The Report, expanding on the study “Price Formation in Financialized Commodity Markets: The Role of Information”, which UNCTAD released on 5 June 2011, shows that financialization of commodity markets has encouraged herd behaviour and significantly affects the prices of such basic goods as food staples and energy as commodity market participants increasingly follow other financial market´s trading decisions. Uncertainty arising from gaps in information and transparency, combined with the effects of equity market developments on commodity prices, is central to this “intentional herding”. Expansionary monetary policies may have accentuated correlations between equity, currency and commodity market developments. But these correlations had already strongly increased when financial investors started long-scale commodity investment some ten years ago.
UNCTAD suggests a number of policy responses to improve commodity market functioning, increasing transparency in physical and derivatives markets, as well as internationally coordinated tighter regulation of financial investors – for instance, by imposing position limits or a transaction tax. The authors of the report also say that market surveillance authorities could be mandated to intervene directly in exchange trading on an occasional basis by buying or selling derivatives contracts with a view to averting price collapses or deflating price bubbles. Such intervention could be considered a measure of last resort to address the occurrence of speculative bubbles if reforms aimed at achieving greater market transparency and tighter market regulation were either not in place or proved ineffective.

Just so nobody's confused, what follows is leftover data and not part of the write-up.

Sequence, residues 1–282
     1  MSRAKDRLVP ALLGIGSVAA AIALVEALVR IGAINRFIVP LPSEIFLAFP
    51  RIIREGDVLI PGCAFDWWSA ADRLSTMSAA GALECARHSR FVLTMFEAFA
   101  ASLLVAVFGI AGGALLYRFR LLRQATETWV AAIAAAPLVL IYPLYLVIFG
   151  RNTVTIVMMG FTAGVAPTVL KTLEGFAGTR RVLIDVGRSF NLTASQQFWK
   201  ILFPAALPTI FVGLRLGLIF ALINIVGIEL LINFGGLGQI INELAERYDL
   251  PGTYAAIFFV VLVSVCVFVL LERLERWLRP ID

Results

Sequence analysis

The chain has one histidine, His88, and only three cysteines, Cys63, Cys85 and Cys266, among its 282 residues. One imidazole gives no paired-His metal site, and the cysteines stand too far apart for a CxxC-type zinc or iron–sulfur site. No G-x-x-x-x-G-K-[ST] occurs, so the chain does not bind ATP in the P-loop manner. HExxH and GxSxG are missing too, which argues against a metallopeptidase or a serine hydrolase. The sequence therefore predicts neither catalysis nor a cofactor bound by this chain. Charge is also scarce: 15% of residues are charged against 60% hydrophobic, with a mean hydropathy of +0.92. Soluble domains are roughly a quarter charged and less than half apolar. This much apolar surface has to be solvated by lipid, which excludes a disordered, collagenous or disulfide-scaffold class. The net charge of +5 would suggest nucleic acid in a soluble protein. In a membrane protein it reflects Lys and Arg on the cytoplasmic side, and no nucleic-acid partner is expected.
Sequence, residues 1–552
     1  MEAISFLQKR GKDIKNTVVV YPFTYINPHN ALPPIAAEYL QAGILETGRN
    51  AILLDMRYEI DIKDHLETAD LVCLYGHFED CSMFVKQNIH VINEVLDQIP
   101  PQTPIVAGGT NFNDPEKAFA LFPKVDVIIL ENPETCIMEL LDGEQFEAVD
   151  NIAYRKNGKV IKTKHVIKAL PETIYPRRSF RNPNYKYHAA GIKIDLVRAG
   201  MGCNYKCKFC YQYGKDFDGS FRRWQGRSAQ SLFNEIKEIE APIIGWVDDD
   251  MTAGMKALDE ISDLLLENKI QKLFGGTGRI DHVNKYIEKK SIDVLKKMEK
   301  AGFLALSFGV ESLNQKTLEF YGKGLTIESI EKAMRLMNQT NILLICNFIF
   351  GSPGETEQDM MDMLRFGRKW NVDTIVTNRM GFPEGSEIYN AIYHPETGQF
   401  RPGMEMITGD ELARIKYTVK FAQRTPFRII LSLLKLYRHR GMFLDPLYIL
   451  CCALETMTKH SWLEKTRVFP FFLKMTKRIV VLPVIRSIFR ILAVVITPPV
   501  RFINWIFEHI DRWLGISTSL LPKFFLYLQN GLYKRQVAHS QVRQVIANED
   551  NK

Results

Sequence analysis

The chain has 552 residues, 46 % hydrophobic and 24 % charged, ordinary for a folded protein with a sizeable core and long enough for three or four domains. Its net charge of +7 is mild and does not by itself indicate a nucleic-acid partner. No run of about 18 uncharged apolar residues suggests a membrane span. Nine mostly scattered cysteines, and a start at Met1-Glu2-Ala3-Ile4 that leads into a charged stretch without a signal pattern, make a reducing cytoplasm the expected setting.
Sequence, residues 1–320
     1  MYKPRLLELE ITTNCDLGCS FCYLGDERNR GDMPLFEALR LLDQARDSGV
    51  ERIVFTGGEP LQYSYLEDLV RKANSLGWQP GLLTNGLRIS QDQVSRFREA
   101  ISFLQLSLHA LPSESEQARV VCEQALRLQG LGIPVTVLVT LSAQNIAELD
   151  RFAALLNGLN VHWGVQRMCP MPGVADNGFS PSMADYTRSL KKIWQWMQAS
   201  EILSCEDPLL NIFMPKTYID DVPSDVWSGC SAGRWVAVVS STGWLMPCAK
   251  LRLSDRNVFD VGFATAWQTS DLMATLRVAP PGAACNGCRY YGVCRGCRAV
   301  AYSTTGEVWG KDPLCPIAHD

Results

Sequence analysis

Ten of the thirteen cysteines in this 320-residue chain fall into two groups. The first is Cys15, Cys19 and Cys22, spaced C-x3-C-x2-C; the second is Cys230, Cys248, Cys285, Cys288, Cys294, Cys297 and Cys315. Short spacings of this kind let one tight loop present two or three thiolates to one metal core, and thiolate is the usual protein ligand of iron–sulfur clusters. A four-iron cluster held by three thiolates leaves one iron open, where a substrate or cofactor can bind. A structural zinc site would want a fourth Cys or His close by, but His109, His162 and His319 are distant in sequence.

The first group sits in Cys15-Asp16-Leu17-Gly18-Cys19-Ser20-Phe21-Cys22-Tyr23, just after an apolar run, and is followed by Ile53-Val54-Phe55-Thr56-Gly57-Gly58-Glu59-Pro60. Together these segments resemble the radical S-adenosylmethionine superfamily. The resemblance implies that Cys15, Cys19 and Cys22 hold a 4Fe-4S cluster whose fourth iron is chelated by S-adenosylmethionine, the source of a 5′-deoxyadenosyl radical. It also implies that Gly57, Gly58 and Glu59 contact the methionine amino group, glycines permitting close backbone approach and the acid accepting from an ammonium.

Financial re-regulation and restructuring
Finally, the Report argues that financial deregulation has been one of the main factors leading to the global financial and economic crisis of 2008. It favoured the emergence of a large, unregulated and undercapitalized shadow banking system, while traditional banking shifted from reliance on deposits to financing from capital markets, and from lending to trading. The loss of diversity of the financial system and uniformity of agents´ behaviour fuelled destabilizing speculation, accentuated pro-cyclical trends and eventually led to systemic crises. The re-regulation of the financial system is necessary to prevent the repetition of these crises. However, the attempts made so far has been slow and inadequate to cover the shadow banking system and to cope with a highly concentrated financial sector that is dominated by a small number of gigantic institutions.
Regulation must be tighter with the “too-big-to-fail” institutions and incorporate a macro-prudential dimension, including anti-cyclical capital requirements and the recourse to capital controls for coping with volatile capital flows. However, even if the financial sector were to be better regulated, it would not automatically drive growth and employment or make credit accessible to small and medium-sized firms or the population at large. In addition to a better regulation, the financial sector needs to be restructured in order to reduce the risk of systemic crises and to improve its economic and social utility. Financial restructuring should aim at more diverse national financial systems, with a bigger role for public and cooperative institutions, a sizing down of giant institutions and a clear separation between the activities of investment and commercial banking.
The Report warns that some international agreements such as the General Agreement on Trade and Services (GATS), several bilateral trade agreements (BTA) and bilateral investment treaties (BITs) include provisions related to payments, transfers and financial services that may limit not only the application of capital controls, but also other measures aimed at re-regulating or restructuring financial systems. Such measures could be considered as infringing previous commitments on financial liberalization.